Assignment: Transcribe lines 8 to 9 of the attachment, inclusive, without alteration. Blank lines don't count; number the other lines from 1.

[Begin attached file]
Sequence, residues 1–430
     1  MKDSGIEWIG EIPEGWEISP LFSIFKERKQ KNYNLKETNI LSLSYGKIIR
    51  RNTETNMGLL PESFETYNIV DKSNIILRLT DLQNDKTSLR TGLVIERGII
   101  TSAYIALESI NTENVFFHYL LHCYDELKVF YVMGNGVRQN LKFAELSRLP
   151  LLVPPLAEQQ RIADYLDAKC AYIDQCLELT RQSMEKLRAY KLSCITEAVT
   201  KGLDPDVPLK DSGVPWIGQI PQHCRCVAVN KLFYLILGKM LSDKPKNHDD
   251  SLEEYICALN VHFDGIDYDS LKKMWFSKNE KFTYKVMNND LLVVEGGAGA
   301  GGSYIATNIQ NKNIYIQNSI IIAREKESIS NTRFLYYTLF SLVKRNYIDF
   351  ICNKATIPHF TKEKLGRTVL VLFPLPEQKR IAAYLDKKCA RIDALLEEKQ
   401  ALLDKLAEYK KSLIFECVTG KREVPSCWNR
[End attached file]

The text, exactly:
   301  GGSYIATNIQ NKNIYIQNSI IIAREKESIS NTRFLYYTLF SLVKRNYIDF
   351  ICNKATIPHF TKEKLGRTVL VLFPLPEQKR IAAYLDKKCA RIDALLEEKQ